'Mr. Social Security' Fraudster Is On the Run

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June 6, 2017

Eric C. Conn, a Kentucky lawyer who pled guilty to defrauding taxpayers out of $550 million, is on the run, fleeing justice one month before his sentencing.

The self-described "Mr. Social Security," who pled guilty earlier this year to his involvement in a widespread disability fraud scheme, disappeared just as the trial for one of his accomplices began.

Conn is facing up to 12 years in prison, and his sentencing was scheduled for July 14. The Lexington Herald Leader reported Conn removed his electronic tracking bracelet on Saturday and vanished.

"Employees in Conn's office had heard him say he would flee to Cuba or Ecuador to avoid criminal charges, and Conn had wired substantial sums of money out of the country at times, an FBI agent testified at one hearing," according to the report.

"If he were to leave, to cross a border, he could go to wherever he has stashed some money and flee," said Trey Alford, an assistant U.S. attorney.

The FBI has no new information, and Conn is still missing. The trial for Alfred Adkins, a clinical psychologist who signed off on phony medical evaluations for Conn for years, began Monday. Adkins and David Daugherty, an administrative law judge who approved fraudulent disability claims for Conn, received over $5 million in the scheme.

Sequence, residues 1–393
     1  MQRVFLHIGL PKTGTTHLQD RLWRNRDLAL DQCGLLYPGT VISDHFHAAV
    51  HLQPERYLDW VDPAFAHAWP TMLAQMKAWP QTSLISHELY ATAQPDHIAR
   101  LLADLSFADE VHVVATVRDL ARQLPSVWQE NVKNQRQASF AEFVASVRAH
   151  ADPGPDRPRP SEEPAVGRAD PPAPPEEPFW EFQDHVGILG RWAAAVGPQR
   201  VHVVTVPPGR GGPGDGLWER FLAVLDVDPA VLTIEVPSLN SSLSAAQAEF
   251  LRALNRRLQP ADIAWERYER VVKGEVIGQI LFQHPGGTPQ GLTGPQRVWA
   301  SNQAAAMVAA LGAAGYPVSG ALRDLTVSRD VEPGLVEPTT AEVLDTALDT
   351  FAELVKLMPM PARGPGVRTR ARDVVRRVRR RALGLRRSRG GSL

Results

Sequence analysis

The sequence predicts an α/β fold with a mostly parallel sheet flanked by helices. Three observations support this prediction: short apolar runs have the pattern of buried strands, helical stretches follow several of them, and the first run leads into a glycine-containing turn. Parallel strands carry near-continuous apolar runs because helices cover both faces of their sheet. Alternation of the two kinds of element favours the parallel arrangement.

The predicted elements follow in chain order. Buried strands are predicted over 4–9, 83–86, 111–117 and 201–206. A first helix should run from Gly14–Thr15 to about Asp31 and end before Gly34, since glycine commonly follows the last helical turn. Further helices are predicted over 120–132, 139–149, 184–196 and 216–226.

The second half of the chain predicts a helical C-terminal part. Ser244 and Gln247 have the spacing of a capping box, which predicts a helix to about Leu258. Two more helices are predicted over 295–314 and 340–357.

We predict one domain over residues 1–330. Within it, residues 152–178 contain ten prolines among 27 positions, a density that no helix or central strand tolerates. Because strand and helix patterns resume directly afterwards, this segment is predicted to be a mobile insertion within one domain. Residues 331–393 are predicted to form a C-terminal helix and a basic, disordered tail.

Conn himself made over $23 million off the federal government. The flashy lawyer commissioned a $500,000 replica of the Lincoln Memorial to sit outside his office in Stanville, Ky., erected giant billboards, and filmed local television ads with the "Obama Girl" to attract clients.

An attorney for whistleblowers who exposed Conn said it was no surprise that Conn fled law enforcement.

"I actually expected it to happen sooner, rather than later," said Mark Wohlander, an attorney who represented two whistleblowers who filed the initial claim against Conn for fraud in 2013. "I always thought that given the amount of money he made and the information the government obtained that he had transferred thousands of dollars overseas or to other locations. I just expected him to run."

The Associated Press reported that Conn speaks multiple languages, has crossed the border nearly 150 times in the past decade, and told "at least six people he would flee the country instead of going to jail."

Conn also shredded 26,000 pounds of documents and had money transferred into overseas bank accounts.

Published under: Fraud , Social Security